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How to Prevent Overdosing | Overcoming Addiction

a person has an overdose near a needle on the floor

Drug addiction is a disease that requires an individual to take an ever-increasing amount of a substance to achieve the same high. Overdose prevention begins by understanding that not everyone is addicted to the same substances and recognizing that each type of addiction requires its own course of treatment. Treatment for addiction involves identifying the problem, going through physical detox, and then learning how to live a productive life without abusing substances. According to the Centers for Disease Control and Prevention, the total number of deaths from drug overdose in the United States was 64,070 from January 2016 to January 2017, a 21 percent increase from the previous 12 months. Without treatment, this number will only continue to rise.

Overdose Prevention Must Address the Widespread Increase in Drug Abuse

how-to-prevent-overdosing Despite growth in the addiction treatment industry, the need for quality treatment continues to rise faster than the number of treatment options available. New regulations for prescription pain medications seek to stem the rising tide of opiate addiction, and this may result in an eventual decrease in opiate-related overdoses. While cocaine and other harmful drugs are also abused, prescription pain medication is among the fastest-growing drug epidemics.

Prescription of Opiate Pain Medications Has Decreased

Only a few short years ago, prescription opiates such as Vicodin and Oxycodone were relatively easy to acquire, even for a minor injury. While the addictive nature of prescription opiates may have been a small concern, few people could have predicted the widespread opiate epidemic caused by the overuse of prescription drugs. It is now harder to get prescription opiates, but it’s still not impossible for those who have had a recent surgery or injury. When using opiates for pain management, patients can quickly become addicted to the medication. Breakthrough pain occurs, and it becomes necessary to use more medication to get the same pain relief. Over a short period of time, this leads to an addiction that is difficult to escape. Many people who begin opiate use because of a prescription later turn to illegal opiates such as heroin to continue feeling the same effects. If you or a loved one is struggling with heroin addiction, please visit our heroin treatment center.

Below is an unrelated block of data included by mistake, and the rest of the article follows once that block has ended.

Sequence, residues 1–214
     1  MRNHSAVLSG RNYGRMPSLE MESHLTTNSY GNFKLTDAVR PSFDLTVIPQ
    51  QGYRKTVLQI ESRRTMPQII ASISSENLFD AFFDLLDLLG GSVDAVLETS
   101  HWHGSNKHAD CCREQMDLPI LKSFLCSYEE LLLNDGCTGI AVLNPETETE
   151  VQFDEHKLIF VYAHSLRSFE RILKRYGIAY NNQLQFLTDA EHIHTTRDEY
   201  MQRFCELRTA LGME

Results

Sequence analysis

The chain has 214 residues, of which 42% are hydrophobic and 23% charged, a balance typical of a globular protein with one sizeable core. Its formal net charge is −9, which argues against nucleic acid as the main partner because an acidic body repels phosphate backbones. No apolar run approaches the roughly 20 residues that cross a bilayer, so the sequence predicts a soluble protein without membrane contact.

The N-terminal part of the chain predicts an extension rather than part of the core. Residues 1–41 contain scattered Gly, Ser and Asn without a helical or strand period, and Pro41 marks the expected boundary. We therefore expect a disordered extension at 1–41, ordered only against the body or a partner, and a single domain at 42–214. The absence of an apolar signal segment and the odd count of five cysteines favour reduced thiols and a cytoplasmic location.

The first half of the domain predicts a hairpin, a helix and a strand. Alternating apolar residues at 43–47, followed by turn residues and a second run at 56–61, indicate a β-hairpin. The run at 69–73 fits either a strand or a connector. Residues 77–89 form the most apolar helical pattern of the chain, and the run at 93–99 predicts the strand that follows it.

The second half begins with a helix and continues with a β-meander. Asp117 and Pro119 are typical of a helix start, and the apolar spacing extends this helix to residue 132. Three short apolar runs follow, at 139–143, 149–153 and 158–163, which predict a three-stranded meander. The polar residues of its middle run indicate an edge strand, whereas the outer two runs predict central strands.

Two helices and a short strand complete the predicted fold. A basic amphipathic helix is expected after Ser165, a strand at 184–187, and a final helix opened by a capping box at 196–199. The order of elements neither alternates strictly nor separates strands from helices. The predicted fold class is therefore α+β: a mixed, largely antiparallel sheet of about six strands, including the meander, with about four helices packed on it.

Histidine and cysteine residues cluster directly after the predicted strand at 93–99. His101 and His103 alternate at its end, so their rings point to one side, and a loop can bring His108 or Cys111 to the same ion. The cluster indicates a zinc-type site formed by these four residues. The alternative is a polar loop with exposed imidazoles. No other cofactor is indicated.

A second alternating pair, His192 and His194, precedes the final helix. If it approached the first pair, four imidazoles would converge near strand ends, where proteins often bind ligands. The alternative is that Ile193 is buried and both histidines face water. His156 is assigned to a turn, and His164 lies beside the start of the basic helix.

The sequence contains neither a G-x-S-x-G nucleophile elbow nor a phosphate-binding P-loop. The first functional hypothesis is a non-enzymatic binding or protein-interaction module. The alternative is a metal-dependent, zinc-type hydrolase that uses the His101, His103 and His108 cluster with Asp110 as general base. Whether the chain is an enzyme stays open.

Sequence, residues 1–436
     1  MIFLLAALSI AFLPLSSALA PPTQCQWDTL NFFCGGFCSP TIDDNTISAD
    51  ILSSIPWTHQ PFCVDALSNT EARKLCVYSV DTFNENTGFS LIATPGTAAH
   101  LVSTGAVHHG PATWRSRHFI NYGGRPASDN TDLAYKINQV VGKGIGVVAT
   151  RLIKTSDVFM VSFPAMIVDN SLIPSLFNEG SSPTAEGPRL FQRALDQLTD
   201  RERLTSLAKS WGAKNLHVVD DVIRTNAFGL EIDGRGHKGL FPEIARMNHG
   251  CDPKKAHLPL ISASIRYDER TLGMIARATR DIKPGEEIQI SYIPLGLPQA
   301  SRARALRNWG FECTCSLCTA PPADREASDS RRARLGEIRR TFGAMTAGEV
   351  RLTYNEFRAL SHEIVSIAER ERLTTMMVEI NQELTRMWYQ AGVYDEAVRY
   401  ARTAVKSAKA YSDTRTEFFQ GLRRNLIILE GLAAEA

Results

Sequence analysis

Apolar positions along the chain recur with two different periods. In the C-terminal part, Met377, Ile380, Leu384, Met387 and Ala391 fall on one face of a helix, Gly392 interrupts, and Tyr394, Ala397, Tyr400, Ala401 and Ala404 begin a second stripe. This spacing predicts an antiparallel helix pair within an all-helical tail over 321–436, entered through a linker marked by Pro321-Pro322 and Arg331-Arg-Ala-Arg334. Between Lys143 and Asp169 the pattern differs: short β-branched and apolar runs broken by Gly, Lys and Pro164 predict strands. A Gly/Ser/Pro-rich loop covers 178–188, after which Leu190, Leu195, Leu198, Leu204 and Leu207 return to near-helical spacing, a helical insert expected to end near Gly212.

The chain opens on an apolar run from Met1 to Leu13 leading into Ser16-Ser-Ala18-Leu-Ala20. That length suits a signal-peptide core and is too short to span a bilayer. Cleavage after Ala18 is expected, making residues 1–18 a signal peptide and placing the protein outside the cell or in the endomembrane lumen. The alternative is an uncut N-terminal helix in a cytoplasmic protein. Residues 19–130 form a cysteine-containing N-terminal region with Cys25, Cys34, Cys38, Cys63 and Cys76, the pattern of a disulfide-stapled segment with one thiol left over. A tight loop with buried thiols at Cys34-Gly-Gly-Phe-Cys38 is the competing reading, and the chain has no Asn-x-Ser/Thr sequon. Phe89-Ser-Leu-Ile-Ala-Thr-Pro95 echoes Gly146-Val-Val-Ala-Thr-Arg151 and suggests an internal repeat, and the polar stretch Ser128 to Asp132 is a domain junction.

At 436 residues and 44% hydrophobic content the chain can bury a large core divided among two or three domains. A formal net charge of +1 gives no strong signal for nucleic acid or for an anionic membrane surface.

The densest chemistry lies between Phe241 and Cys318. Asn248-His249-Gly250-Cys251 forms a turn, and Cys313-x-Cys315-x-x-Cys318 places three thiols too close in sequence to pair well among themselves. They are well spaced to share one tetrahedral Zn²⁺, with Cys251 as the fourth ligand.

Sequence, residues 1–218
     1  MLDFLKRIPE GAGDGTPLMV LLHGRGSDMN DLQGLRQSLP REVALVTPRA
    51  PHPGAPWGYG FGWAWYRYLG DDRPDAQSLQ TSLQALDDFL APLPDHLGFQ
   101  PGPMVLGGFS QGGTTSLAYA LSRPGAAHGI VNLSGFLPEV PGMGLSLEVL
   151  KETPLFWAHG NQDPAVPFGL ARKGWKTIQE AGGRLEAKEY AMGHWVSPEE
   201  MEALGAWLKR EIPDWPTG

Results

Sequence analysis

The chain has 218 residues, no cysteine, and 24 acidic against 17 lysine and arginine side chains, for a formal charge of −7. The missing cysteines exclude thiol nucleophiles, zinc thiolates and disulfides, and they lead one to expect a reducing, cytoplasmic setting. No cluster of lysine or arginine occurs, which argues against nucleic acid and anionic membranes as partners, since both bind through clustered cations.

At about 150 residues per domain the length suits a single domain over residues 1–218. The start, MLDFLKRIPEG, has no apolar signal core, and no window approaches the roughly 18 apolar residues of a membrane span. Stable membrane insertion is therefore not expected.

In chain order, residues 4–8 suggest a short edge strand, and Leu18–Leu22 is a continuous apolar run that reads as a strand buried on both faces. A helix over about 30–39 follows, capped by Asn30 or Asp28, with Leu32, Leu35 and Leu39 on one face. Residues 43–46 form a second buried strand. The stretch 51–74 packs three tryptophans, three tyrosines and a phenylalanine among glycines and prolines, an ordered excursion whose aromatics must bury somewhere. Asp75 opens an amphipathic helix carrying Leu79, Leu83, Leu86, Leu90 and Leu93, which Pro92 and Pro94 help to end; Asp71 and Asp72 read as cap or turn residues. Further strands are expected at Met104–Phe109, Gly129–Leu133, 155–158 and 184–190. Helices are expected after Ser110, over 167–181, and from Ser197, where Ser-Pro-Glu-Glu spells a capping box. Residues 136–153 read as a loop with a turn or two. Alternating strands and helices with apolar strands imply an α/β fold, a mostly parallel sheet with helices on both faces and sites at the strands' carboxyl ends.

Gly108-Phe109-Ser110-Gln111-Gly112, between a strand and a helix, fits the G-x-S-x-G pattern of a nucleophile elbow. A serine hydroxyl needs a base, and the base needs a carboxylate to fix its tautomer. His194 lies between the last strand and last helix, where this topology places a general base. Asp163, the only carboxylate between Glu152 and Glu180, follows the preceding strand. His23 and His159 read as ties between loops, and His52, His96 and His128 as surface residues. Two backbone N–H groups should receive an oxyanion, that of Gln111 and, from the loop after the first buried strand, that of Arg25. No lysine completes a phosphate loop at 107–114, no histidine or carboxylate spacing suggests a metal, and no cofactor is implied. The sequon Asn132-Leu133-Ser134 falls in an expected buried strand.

Drug Addiction Reaches Across All Demographic Barriers

Drug addiction and the need to prevent overdoses applies to all demographics. An increasing number of people understand the nature of drug addiction and the methods required for treatment, so trends in addiction treatment have changed. Individuals who are addicted to substances can go through the process of recovery one step at a time, starting with time spent in a supervised detox facility. When more individuals begin to recognize that addiction doesn’t discriminate, the approach to addiction changes. Once people acknowledge that addiction has reached their own neighborhood, they are more likely to show empathy rather than contempt for those addicted to substances.

It’s Time for a Re-branding of What Drug Addiction Means

Drug addiction is not a small problem in the United States. According to the Substance Abuse and Mental Health Services Administration, more than 11 million Americans abused prescription opiates in 2016, which led to an influx of individuals needing treatment for substance use issues. With that in mind, it’s time to reconsider the meaning of drug addiction. While drug addiction has long been treated through the criminal justice system, this is not an effective strategy for long-term recovery. Addiction is a disease that requires professional, empathetic care in order for the individual to get better. It’s time to start looking at addiction as the disease it is and to address the issue accordingly.